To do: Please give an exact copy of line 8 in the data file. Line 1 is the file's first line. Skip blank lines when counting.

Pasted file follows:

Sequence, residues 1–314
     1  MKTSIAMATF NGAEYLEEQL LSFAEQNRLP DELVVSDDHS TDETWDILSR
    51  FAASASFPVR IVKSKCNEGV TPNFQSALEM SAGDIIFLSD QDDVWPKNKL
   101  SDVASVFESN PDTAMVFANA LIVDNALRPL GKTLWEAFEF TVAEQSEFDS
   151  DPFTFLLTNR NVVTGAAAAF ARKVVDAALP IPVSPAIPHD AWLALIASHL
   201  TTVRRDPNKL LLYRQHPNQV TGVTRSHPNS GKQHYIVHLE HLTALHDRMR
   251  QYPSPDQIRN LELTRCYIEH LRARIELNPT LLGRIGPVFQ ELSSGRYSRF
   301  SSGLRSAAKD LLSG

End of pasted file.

   301  SSGLRSAAKD LLSG